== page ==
Congratulations on starting your business. If your vision is to massively scale your company, chances are you're going to need to get good at fundraising quickly.
I'm a venture-backed startup founder and angel investor in Silicon Valley. I see first-time founders making the same fundraising mistakes over and over again, and frankly I myself have been there and done that. So I proactively surrounded myself with successful fundraisers, and I'm going to share what I learned the hard way so you get an early start! Every founder must avoid these mistakes:
1. Pitching to the wrong investors
This is so very basic and yet most first-time founders make this mistake. If you're selling bacon, will you sell to vegetarians? Of course not. That would be a total waste of their and your time.
Similarly, if you run a seed-stage enterprise startup, do not pitch to growth-stage consumer-tech VCs. I recommend using tools such as Crunchbase and Angel List to look up VCs, angels, and family offices focused on your space (e.g., health care, HR tech, e-commerce) and stage (pre-seed, seed, Series A, etc.).
2. Starting investor outreach when you're raising
Instead, you want to get an early start and meet investors before you want their money. Remember that these investors are humans just like you and me, and ultimately they invest in founders they like and believe in. Let them get to know you, let them give you input on your vision, let them see you grow over time and feel a part of your growth journey.
3. Not keeping your current investors posted
I learned this from my mentor Viral Bajaria (CTO at 6Sense; raised $63 million). Every single one of your existing investors knows other investors. They already believe in you. If you don't leverage these existing champions to advocate for you, you're leaving so much behind on the table.
I recommend sending quarterly email updates to your investors, potential investors, advisers, and mentors recapping your wins and asks. Let them feel invested in your journey. You'll be amazed by how many intros you get to raise, sell, and hire in the future.
Pro tip: In these email updates, highlight your team members' wins. If you're running a one-person show, then you're in trouble, my friend!
4. Letting investors drag you
As one of my investors, Betty Jin, well put it, "Investors are very good at giving you a false impression that they're interested when they're really not. Don't let them waste your time." If an investor is highly interested, they'll move fast. If they've made you wait for a while, they're most likely not going to write a check.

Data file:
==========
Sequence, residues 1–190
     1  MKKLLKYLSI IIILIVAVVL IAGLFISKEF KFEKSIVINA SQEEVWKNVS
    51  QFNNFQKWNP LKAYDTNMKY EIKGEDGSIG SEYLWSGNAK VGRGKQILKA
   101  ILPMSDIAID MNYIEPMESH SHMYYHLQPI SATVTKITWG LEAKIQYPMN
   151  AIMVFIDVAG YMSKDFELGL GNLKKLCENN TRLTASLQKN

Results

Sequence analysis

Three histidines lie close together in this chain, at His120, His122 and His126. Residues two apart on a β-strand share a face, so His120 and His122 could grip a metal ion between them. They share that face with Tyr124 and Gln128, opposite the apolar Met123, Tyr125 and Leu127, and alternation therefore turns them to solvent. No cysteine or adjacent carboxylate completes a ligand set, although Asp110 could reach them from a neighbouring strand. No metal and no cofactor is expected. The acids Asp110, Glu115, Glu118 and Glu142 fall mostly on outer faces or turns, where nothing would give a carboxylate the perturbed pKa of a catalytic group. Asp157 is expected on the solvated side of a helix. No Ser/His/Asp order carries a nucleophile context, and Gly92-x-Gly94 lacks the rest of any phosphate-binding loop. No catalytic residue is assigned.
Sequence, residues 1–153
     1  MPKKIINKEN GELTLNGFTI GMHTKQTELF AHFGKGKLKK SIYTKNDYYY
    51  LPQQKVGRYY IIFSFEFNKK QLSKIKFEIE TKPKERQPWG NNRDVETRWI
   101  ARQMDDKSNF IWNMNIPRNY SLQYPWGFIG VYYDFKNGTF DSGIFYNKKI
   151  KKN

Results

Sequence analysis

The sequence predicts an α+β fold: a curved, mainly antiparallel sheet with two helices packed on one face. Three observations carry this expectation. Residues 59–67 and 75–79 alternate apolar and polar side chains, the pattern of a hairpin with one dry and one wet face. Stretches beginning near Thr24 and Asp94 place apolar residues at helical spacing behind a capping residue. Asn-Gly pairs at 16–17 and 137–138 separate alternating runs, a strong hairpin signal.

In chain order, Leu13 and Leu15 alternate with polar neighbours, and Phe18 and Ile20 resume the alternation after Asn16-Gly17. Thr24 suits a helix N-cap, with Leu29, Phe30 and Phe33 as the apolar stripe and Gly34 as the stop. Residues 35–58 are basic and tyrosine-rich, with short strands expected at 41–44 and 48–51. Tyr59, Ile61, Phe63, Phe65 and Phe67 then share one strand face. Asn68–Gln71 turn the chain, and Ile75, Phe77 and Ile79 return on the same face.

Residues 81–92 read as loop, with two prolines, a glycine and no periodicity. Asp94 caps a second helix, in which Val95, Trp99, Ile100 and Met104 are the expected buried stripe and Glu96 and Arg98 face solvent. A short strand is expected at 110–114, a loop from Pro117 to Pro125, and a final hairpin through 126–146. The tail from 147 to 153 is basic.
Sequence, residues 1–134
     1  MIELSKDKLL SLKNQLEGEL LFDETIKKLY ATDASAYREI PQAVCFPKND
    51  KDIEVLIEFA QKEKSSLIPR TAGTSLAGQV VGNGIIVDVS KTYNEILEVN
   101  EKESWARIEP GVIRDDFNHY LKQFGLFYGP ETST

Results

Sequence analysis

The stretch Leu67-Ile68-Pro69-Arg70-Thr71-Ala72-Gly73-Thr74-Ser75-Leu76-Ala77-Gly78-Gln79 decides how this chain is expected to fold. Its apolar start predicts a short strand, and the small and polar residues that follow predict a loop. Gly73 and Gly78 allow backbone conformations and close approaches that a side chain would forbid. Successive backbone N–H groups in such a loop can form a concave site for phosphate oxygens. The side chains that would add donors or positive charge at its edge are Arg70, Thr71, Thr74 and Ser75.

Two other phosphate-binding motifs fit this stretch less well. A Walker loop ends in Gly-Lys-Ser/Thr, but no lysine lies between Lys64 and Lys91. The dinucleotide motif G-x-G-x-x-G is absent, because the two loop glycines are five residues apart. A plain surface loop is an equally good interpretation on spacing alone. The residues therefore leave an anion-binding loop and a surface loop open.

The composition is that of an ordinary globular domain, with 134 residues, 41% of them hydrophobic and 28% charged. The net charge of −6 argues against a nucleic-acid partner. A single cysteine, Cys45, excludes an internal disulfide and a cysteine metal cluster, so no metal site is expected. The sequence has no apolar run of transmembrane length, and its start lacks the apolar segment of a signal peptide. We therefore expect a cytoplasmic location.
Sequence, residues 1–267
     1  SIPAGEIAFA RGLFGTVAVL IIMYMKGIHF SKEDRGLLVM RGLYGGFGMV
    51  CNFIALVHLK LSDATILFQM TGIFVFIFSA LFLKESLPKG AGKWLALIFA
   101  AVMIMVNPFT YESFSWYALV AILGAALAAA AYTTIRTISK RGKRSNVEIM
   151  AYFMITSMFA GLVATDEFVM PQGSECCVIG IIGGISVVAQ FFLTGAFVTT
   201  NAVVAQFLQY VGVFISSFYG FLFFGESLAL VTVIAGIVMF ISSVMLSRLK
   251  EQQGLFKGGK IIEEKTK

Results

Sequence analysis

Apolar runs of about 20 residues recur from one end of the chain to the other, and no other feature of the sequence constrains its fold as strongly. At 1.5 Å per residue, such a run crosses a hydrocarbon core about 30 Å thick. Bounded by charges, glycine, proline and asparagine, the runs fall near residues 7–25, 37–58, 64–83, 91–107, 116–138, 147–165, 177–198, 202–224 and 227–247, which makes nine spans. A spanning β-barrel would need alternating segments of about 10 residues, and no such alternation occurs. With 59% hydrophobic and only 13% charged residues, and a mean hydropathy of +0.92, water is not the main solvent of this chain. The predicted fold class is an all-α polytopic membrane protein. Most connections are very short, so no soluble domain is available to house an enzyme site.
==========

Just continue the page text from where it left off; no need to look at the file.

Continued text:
I recommend asking them about their decision making process and communicating your timeline in your very first pitch meeting. You could politely say, "I'll need to know by the following Tuesday if you're in. Does this timeline work for you?"
5. Not investing in your founder network
I learned this tip from Mandela Schumacher-Hodge Dixon at Founder Gym, and I'm forever grateful for it. To fundraise, you need to invest in building out not only your investor networks but also your founder networks. If I invest in a founder, I clearly think highly of them. If they introduce me to another founder, I'll take a meeting with them or at the very least, review their deck. The best intro you can get to an investor is through one of their portfolio founders.
You don't want to approach this like its a transaction. You want to build your founder network before you need these intros from them. Even if they're ahead of you in the startup game, you can still create value for them--if they're hiring, you can refer your friends, or you can share their social media to further their brand awareness. Lastly, don't forget to pay it forward.
6. Taking investor feedback too seriously
A motto I've started to live by is '"Reject feedback." Now, context is super important, so please take this with a grain of salt. You certainly want to keep learning from market signals and customer feedback. What I specifically mean is that most investors won't get what you're doing, so don't let them discourage you.
They'll tell you that you're not a billion-dollar business; that you're a feature, not a product; that you should pivot; that you're too early or too late or don't have enough traction or have too much traction--the list is endless. They don't know your business like you do. They don't see the world like you do.
My mentor Didier Elzinga (CEO of Culture Amp; raised $76 million) often says, "Focus on the people who do believe in you." It just takes one, and then the snowball effect kicks in. You're building something that doesn't exist yet, so of course not everyone will get it, but when the going gets going, the tough get going.